This creeping anti-trade rhetoric threatens years of growing connectivity and collaboration - construction’s future relies on a healthy and global exchange of ideas
Back in the 1990s there was much excitement about the seemingly new concept called globalisation. It was touted as an economic panacea, bringing access to skills and markets - and lower costs.
A certain developer once said to me, many years ago: “I used to unpick Levis jeans to understand where all the parts came from - the denim, studs, zips and stitching. It taught me how to buy each piece at the best possible price, so why can’t you do the same for a building? Why can’t I source a lot more of my materials and components from China?”
It wasn’t that simple, of course: there were questions about quality, reliability, deliverability, warranties and other issues. The team had enough good answers to make the status quo convincing, but we knew he had a point, and things would change - though slowly, this being the construction industry.
There has been progress, with Chinese facades and Chinese steel being used in not insignificant quantities on some high-profile London buildings. Yet other sectors continue to pave the way, such as retail, where brands successfully source the make-up of their products in lower-cost locations, adding their final touches (and marketing) to ensure decent margins.
Whilst this debate edges forward, perhaps the greatest positive impact of globalisation for our industry has been the international movement of money, foreign investment enabling the majority of commercial projects in the capital, and some large infrastructure and other schemes around the country.
But no longer is knowledge power; the sharing of knowledge is far more powerful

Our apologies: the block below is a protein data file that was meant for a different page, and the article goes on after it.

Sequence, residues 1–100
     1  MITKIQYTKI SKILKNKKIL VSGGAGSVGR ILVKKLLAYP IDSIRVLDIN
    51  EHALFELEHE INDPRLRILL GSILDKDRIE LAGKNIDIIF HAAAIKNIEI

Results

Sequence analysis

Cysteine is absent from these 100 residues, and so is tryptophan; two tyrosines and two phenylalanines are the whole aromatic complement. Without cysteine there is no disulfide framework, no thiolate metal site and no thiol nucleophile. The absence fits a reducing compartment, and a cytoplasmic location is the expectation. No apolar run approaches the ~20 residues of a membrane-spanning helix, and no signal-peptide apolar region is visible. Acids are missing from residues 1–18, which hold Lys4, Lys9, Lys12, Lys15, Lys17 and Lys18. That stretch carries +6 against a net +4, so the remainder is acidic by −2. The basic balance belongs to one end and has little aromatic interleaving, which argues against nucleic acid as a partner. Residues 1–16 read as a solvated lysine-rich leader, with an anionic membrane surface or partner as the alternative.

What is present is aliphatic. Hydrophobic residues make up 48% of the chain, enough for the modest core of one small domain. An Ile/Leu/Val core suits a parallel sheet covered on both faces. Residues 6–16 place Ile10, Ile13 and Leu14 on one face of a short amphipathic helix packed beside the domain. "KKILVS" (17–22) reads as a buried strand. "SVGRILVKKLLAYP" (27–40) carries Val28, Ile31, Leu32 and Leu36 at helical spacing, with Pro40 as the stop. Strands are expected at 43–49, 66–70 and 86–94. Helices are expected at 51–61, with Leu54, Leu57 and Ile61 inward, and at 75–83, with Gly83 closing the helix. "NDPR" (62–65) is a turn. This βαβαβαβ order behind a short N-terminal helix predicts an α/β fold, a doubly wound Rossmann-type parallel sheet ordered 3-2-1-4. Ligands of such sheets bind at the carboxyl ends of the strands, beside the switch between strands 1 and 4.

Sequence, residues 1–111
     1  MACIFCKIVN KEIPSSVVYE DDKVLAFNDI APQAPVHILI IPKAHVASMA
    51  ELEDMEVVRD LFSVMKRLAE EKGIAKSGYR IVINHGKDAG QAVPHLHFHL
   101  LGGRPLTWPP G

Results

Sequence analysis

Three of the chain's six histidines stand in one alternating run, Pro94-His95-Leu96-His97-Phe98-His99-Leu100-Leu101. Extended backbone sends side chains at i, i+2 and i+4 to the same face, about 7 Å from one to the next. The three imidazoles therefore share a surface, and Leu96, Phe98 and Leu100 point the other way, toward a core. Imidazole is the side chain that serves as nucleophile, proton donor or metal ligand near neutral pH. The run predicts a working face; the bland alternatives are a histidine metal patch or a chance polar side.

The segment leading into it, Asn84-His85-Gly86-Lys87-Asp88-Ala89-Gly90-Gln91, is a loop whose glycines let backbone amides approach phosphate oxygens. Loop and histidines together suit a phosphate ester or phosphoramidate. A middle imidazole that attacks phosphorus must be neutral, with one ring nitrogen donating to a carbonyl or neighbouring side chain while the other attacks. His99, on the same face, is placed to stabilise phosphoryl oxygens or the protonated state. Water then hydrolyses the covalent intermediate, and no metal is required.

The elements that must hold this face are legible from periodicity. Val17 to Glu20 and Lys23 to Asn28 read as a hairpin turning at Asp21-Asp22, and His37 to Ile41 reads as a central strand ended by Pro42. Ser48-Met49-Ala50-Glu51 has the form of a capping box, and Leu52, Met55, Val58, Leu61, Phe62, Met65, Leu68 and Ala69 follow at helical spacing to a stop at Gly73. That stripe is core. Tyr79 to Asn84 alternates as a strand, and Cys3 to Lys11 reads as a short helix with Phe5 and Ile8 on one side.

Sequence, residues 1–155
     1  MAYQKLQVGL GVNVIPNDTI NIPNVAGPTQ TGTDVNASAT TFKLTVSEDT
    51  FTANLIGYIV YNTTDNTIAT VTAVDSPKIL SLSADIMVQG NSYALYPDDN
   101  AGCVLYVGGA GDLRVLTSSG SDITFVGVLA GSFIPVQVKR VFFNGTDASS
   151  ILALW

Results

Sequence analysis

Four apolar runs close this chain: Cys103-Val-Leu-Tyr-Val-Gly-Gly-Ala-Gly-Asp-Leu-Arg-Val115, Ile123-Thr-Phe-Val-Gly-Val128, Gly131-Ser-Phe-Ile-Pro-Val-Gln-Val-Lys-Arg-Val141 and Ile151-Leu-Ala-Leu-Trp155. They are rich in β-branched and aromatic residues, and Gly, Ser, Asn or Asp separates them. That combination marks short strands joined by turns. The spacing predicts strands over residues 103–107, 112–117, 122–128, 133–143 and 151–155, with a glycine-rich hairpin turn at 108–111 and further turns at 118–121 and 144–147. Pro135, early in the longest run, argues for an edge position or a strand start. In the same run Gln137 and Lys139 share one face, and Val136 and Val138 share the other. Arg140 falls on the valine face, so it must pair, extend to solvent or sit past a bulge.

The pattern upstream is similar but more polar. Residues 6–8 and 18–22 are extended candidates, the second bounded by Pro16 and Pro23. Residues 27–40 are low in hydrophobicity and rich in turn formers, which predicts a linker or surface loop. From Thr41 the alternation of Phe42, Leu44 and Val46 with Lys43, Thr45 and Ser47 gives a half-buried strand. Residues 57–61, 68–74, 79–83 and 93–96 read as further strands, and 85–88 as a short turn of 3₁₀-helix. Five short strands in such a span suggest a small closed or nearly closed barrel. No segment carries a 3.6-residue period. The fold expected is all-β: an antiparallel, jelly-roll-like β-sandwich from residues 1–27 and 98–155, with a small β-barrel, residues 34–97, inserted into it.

At a time when the UK’s national debt ranks among the highest of advanced economies and its construction industry grapples with a chronic shortage of skills, the movement of money and people across borders has been a bit of a saviour. And so it is not only worrying how Brexit might change these trends but also how, around the world, the creeping of anti-trade rhetoric of protectionism and nationalism threatens to reverse the years of increasing connectivity and collaboration.
However, this feels more than just cold economic metrics of trade and investment. It seems that there’s something more basic, more cultural at stake - an inherent outlook and attitude. I’m talking about sharing, proper sharing - in a way that doesn’t say “look at me, I have strong opinions and I know it all”, but rather offers insight whilst inviting comment and suggestions for improvement.
But here’s the rub: globalisation is partly to blame for a proliferation of the former attitude. The internet and social media have bred a generation who are ready and waiting to issue instant proclamations about everything and anything - often in a rage, without consideration and usually in the form of an extreme statement that doesn’t countenance alternative views.
Many cognitive scientists (yes, there are such things) are worried. Each of us is a sort of expert in our chosen field, but that field is bounded by the mark of others, which we could not undertake ourselves. This is particularly true of property and construction. No project would stand a chance of succeeding without the team working together, exchanging ideas and iteratively delivering a solution.
People who think they know more than they do tend to have strong opinions, which are hard to shake. But no longer is knowledge power; the sharing of knowledge is far more powerful.
The moment any of us think we totally understand, then progress will grind to a halt. Construction must find a way of being more effective, more efficient, more intelligent. This will require a combination of marginal gains and genuine step-changes, whether that be through modularisation, robotics, materials technology or something else, but it will be dependent upon the sharing of information and collaborative research that takes us forward.
That shouldn’t preclude healthy competition. A well-known engineer once said of a leading (and competing) firm of engineers that he wished they would up their game. He wanted them to ‘retrieve their mojo’ to prompt his own organisation to raise its game, for the wider good of the industry, and he meant it.
Globalisation can mean many things in business, but for me they are largely good.
Iain Parker is a founding partner of Alinea Consulting